Bus Éireann staff to ballot for strike as Dublin Bus off road until Sunday
A second union at Bus Éireann is set to ballot for standby strike action in the event of the company introducing structural changes.
Siptu will 'protectively ballot' their members in the CIE company before the end of the month. A protective ballot means that if the company tries to introduce changes that were discussed this week, staff will be ready to go on strike.
The National Bus and Railworkers' Union (NBRU) is also set to ballot its members for industrial action over changes to the Expressway model. Strike action at the semi-State company would cost around €500,000 per day and some 113,000 passengers would be affected.
Meanwhile, Dublin Bus services are once again out of action today as a strike by drivers continues.
Services will not resume in the capital until Sunday. Thirteen more days of strike action are planned, including on Saturday, October 1, the day of the All-Ireland football final replay.
Last night, the company said it remained open to talks but said that the 15pc increase sought by drivers was not affordable.
"Dublin Bus has come through an extremely tough financial period in recent years due to the recession and has only just reached a stable financial footing.
"We have a responsibility to our employees and to the taxpayer to manage our finances to safeguard the economic and financial stability of the company," a spokeswoman said.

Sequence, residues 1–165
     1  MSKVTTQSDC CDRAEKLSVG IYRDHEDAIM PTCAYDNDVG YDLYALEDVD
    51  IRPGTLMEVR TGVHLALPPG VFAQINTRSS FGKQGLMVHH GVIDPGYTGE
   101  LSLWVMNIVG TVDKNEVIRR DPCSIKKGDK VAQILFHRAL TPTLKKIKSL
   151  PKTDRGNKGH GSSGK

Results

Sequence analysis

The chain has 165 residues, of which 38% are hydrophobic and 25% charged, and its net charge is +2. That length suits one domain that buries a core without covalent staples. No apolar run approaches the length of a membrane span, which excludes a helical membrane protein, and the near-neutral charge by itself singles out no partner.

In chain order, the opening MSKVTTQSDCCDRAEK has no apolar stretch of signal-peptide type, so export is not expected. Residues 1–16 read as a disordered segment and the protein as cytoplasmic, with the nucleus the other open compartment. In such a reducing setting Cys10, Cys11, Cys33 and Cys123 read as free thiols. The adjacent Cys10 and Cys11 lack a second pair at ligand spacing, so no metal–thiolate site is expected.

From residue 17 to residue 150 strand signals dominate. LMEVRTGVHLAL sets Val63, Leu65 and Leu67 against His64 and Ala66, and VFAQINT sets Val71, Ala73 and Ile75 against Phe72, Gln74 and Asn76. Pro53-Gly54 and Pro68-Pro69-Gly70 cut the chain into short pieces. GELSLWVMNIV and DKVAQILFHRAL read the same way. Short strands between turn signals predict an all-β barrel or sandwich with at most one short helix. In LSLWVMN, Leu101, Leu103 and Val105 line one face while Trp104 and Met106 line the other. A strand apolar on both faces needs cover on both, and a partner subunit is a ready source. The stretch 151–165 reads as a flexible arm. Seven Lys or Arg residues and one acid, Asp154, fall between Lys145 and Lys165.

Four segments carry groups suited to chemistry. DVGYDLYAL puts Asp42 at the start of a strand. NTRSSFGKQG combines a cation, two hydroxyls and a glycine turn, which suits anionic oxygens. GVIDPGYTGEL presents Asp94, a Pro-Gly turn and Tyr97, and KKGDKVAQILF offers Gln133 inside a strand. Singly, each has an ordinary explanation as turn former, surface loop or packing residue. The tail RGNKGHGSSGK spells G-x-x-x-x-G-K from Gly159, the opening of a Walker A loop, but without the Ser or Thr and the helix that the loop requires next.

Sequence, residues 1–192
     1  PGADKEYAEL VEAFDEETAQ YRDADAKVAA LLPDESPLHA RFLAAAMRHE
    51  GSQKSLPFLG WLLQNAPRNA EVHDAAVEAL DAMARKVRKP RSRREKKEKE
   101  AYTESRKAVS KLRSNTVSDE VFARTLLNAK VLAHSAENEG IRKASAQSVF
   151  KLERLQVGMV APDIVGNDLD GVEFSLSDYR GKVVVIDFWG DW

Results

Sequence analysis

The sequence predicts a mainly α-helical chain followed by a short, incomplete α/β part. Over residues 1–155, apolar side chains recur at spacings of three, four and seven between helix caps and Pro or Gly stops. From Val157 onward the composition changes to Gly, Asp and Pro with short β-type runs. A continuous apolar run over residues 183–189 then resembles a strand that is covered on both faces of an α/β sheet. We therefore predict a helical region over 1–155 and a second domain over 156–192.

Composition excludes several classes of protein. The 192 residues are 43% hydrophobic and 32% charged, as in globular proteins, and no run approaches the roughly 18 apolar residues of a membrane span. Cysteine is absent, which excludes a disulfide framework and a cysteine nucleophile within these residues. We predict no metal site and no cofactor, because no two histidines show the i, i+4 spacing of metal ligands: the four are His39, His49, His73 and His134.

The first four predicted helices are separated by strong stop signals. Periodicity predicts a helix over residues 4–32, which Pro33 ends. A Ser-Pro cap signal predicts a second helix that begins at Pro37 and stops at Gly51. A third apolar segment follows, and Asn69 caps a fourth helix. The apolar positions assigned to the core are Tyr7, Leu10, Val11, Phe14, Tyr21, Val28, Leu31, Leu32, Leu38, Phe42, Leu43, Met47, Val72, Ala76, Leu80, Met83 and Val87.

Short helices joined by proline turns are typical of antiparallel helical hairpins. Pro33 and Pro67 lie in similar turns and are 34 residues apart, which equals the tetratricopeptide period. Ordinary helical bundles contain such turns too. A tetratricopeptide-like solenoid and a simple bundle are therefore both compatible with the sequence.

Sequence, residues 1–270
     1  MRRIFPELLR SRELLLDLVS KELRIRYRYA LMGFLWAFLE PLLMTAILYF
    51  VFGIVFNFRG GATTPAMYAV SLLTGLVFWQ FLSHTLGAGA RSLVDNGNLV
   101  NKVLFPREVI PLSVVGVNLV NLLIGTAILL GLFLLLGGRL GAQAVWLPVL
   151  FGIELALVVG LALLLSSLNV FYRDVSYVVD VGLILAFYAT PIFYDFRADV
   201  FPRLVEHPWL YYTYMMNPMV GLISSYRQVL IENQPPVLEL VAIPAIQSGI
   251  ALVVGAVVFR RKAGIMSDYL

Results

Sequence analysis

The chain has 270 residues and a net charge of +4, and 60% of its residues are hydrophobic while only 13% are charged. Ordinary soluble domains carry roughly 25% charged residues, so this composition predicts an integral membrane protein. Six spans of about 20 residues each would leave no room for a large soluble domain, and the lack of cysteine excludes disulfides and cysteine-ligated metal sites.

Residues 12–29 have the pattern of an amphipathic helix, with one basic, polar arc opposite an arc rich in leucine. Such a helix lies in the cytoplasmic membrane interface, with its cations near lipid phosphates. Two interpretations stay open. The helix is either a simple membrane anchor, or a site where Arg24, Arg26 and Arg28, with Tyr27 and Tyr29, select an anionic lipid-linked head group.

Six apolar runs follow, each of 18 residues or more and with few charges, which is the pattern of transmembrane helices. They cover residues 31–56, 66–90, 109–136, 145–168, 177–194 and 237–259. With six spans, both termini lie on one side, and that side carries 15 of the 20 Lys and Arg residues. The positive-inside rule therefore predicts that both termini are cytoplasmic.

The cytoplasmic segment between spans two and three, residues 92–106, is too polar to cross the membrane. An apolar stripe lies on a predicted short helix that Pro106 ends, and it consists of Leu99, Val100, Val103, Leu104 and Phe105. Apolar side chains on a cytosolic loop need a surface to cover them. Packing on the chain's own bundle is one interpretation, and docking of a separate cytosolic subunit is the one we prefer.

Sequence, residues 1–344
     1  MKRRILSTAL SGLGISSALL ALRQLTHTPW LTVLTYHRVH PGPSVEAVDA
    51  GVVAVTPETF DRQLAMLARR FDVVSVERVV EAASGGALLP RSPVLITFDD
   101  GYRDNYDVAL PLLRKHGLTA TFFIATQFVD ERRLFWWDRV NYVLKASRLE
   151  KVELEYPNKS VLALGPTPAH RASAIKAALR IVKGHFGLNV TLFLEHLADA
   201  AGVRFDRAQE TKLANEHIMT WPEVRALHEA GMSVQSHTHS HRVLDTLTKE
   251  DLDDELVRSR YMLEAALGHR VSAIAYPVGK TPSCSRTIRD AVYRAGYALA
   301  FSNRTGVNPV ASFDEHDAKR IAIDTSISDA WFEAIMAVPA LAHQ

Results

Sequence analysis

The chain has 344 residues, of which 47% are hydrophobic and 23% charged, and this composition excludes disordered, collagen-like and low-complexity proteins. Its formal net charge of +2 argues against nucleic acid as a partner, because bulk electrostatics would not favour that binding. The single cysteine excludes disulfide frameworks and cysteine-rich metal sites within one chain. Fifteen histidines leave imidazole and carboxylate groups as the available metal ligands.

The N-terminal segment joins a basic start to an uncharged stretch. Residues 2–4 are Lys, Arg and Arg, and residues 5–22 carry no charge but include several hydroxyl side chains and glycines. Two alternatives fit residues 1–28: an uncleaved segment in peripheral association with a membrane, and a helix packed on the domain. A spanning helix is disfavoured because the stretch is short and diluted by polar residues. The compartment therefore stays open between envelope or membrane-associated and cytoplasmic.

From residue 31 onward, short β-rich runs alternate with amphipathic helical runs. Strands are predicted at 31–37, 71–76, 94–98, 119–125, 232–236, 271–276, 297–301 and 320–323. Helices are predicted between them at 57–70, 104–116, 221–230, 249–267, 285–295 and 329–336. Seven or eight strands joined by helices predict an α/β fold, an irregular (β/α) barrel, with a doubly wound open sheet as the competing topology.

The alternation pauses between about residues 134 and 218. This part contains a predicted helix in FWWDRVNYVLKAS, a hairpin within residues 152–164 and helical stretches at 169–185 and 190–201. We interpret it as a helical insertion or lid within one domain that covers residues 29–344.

To date, strikes have cost the company €4m, and stoppages today and tomorrow will cost an extra €2m, leaving Dublin Bus in a loss-making position by the end of the year; the remaining planned strikes will have a "catastrophic impact" on the company's financial position, she said.
Transport Minister Shane Ross has made no further comment on the strikes after saying this week he would not act as a "sugar daddy" to end the dispute.
He has also ruled out opening bus lanes to private traffic.
The latest developments come as a pay dispute within Irish Rail also looms. Workers at the company are preparing a pay claim of their own and it is expected this could begin working its way through the industrial relations process before November.
But the Bus Éireann dispute seems the most likely to escalate in the coming weeks.
This week a letter from Martin Nolan, chief executive of Bus Éireann, ruled out pay increases because the company's finances are "in critical position".
However, Owen Reidy, section organiser with Siptu, said the union would go ahead with their pay claim and would not engage in discussions about any restructuring.
"The problem is with mismanagement and with the National Transport Authority handing out licences for private operators on Expressway routes. Our workers have made enough sacrifices in the last eight years," he said.
While it is too early to speculate, the option of an all-out strike at Bus Éireann has not yet been ruled out.
Irish Rural Link has also expressed concerns about any restructuring of the Expressway service which they say could lead to "rural isolation".
The group has called for a public enquiry into Bus Éireann to determine which Expressway routes are profitable and which are not profitable.
"Many people in rural areas use the Expressway service for work, college, medical appointments and for leisure in larger towns and cities across the country, and we are concerned that any changes to routes and the service will further isolate people in rural areas," said a spokesperson.